“Leading damaged crops are cotton and dates, whose 100 percent cultivation area has been impacted,” Ali Nawaz Channar, technical director of Agriculture Extension Department told Pakistan Standard. “Other crops are rice with 71 percent damaged area (nursery area included) and sugarcane with 21% damaged area,” he said. “The situation is similar for remaining crops, including sesame with 25% damaged area, kharif vegetables with 54% damaged area, tomatoes with 52% damaged area, chilies with 68% damaged area and onions with 49% damage area,” he added.
Looming food insecurity
Experts on food security already sounding alarms over the damage to crops and livestock impacting Pakistan’s food supplies, triggering further inflation in the weeks and months to come. “Crop and livestock damages are huge. Inundated standing crops will die by suffocation in a few days. This will affect cash crops like cotton, sugarcane and rice. Damages to vegetable crops would affect supply across Pakistan, resulting in prices of kitchen items going up,” Aamer Irshad, head of Program Pakistan at the United Nations’ Food and Agriculture Organization (FAO) told Pakistan Standard.
The FAO official said the news was no better for livestock. “Some animals died, which is a direct loss to poor farmers. Fodder supplies will also suffer, making animals weak and vulnerable to disease outbreaks like FMD, LSD and PPR. This will affect animal-based food supplies and cause inflation,” he warned.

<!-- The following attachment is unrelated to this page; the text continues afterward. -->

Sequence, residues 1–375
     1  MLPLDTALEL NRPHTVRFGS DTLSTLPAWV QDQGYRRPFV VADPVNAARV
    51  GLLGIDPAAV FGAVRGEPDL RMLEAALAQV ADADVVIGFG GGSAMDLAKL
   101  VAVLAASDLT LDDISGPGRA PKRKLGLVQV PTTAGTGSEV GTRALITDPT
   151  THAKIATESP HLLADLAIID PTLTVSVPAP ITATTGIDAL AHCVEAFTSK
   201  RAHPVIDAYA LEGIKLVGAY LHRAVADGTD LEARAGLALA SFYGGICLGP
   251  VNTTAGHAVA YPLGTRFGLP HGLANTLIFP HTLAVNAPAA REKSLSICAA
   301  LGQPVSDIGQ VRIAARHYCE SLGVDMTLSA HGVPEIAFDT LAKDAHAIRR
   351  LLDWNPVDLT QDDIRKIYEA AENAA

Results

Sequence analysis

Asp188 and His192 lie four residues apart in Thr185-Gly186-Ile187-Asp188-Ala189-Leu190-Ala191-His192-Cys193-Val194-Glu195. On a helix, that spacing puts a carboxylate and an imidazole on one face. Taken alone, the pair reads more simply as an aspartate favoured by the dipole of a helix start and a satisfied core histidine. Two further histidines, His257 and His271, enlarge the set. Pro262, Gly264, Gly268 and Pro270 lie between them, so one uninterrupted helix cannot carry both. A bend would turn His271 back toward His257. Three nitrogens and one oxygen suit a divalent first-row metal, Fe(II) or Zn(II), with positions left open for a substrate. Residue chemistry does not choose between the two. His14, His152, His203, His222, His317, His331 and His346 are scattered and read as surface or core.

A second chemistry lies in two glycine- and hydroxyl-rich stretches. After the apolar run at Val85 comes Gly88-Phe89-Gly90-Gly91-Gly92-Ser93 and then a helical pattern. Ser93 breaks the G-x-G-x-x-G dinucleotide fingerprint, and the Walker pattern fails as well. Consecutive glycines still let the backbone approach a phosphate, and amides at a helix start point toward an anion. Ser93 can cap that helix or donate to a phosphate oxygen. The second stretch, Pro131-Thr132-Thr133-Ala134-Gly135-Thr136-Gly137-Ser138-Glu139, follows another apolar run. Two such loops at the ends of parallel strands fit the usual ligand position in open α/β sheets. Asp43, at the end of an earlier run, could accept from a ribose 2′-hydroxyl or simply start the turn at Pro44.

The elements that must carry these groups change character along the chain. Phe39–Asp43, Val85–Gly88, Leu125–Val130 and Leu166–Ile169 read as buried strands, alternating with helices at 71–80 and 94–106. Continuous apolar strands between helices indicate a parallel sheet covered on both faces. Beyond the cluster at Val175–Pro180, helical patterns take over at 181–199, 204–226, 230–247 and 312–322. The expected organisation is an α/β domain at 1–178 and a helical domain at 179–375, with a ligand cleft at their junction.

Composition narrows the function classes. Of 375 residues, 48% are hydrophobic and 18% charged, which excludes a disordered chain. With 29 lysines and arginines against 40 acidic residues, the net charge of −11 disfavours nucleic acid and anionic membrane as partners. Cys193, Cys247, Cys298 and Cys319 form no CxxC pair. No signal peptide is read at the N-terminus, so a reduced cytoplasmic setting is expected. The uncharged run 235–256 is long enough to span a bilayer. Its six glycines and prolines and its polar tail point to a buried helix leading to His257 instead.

Growers in Sindh believe some of their crops might still be salvageable, and blame the slow dewatering process—many areas have been underwater for weeks—for causing further harm. “As per our estimates 95% of Sindh’s cultivable land has submerged,” said Syed Nadeem Shah Jamot, vice-president of the Sindh Abadgar Board, a platform that represents growers of the province. “If dewatering is not done promptly then Sindh will miss at least 50% of its target for the upcoming Rabi season crops of wheat, mustard sunflower, canola and lentil crops,” he stressed. “That will cause serious food insecurity problems, considering we have already lost rice cultivation on a large scale,” he added.
As areas across Sindh have been flooded, homeless migrants have started to make their way to provincial capital Karachi, which has suffered heavy rains but has fortunately remained free of standing water thanks to government efforts.
Allah Warayo, a 60-year-old farmer, reached Karachi from Qambar—a distance of 450km—alongside his 19-member family. “Our area came under flood water. So we saved our family, escaping here and came under this shelter,” he told Pakistan Standard. “This flood has brought people on roads from all over Sindh. Our rice crops are totally submerged. Our houses have fully damaged. Rains have washed away our livelihoods,” he said from a school in Karachi’s Sachal Town, which has been designated a rain victims’ relief camp.
“This is canal flooding,” he lamented with tears in his eyes. “Traditional routes for water drainage are already filled. So how will water recede?” Pleading to the government to provide all flood victims with safe sites to call home, he stressed that all they want is to resume their livelihoods so they can feed and guard their families.